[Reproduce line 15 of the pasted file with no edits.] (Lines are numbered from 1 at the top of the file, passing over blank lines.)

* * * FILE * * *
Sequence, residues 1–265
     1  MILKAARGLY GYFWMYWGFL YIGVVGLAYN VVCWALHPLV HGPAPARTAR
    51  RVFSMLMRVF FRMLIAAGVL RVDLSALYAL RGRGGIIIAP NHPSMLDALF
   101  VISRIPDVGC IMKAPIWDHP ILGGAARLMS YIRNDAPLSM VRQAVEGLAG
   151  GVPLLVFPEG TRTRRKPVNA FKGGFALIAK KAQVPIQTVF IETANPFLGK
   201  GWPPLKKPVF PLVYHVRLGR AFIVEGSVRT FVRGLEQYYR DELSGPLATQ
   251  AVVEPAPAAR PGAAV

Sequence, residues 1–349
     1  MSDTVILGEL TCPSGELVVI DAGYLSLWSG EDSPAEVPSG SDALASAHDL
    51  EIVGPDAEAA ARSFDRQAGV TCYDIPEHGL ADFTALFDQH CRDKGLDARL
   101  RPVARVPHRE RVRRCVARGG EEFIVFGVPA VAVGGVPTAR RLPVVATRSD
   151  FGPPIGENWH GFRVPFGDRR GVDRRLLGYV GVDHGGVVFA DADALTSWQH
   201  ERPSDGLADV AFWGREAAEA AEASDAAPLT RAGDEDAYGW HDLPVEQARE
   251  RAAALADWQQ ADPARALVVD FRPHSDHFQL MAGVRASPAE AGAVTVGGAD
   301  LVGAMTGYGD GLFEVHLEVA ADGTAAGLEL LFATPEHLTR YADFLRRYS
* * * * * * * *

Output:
   301  LVGAMTGYGD GLFEVHLEVA ADGTAAGLEL LFATPEHLTR YADFLRRYS